If history repeats, if you were to buy physical gold, I recommend that you buy fractional gold coins rather than gold bullion. This is because, if governments do confiscate physical gold, you can say that you own a coin collection.

As Peter Schiff writes,

‘Gold American Eagle and Canadian Maple Leaf coins are also produced in sizes less than one full ounce. These are called “fractionals.” They come in sizes of 1/2-ounce, 1/4-ounce, and 1/10th of an ounce. Their appearance is exactly the same as the full 1-ounce size.
Many people like fractionals since their value is significantly less than the 1-ounce coin and could be useful in barter transactions. Fractional gold coins also allow for greater flexibility in managing your portfolio, because you do not have to sell full ounces at a time.’

You may also choose to buy rare gold coins. Some rare collectables may have ‘added value’ in the eye of the beholder. The same can be said of antique gold and silver coins. This is a specialised market and is best to avoid unless you really know your stuff.

Buying and Selling Silver

Owning silver bullion is safer than gold. This is because silver has been used for industrial purposes for years. Gold is far too expensive to use in the industrial process. And at the same time, owning gold is an emotional symbol of traditional value.

Indians place an enormous value on gold. They consider no possession more valuable and enjoy flaunting their collections — especially at weddings.

The bride’s family makes sure she is adorned in thousands of dollars’ worth of gold jewels, which will serve as her financial security once she joins her husband. Indian brides start receiving gold as presents when they are young girls, in preparation for their wedding day.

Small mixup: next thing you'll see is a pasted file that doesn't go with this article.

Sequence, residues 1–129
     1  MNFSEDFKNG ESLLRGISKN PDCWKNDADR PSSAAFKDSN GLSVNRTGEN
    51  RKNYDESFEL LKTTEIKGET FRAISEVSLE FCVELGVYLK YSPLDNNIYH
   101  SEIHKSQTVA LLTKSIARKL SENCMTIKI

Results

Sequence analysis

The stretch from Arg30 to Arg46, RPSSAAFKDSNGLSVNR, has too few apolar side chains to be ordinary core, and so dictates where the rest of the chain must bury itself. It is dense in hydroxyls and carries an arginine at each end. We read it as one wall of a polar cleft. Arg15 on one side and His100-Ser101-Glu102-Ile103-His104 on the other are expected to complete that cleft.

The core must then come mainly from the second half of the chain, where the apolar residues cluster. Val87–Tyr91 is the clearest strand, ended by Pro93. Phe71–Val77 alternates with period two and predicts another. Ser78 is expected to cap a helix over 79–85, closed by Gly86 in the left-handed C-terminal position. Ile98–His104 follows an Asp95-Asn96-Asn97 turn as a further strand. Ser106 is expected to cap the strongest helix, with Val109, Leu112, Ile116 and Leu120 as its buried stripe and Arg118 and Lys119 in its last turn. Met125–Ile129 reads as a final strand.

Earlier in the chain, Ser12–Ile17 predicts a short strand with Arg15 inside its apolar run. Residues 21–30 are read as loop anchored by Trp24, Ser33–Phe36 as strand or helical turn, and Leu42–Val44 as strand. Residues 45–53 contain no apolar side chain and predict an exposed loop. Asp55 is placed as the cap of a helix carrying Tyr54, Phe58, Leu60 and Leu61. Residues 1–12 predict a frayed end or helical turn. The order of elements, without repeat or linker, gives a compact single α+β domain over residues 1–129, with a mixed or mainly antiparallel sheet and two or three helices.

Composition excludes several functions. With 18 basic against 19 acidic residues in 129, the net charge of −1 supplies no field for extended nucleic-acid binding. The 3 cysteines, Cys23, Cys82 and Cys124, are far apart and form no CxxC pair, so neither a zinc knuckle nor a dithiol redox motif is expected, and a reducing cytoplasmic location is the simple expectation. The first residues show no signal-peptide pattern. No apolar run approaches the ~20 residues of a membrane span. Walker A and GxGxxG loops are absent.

Silver doesn’t receive this kind of emotional value from Asian countries. It’s merely an industrial metal. Governments perceive silver in the same way.

For this reason, whether you own silver bars or coins is irrelevant. I see little risk of confiscation by government in the future. You didn’t see government confiscating silver in the early 1930s.

Owning the shiny physical stuff — how and where to buy gold and silver…

Just remember that with precious metals, the ounces are ‘troy ounces’, which are equal to 31.1 grams. Australia has quite a few bullion dealers, and I’ve listed the main ones in this table below. Click on the name to link to the website.

Australian bullion dealers

Bullion dealer City
Perth Mint Perth
ABC Bullion Sydney
Ainslie Bullion Brisbane
Guardian Gold Melbourne
Australian Bullion Company Melbourne
Gold Bullion Australia Melbourne, Sydney, Brisbane Gold Coast

Take the time to shop around for the lowest premiums and commissions. It’s quite surprising what the difference can be. And make sure you’re comparing prices to the Australian gold or silver price.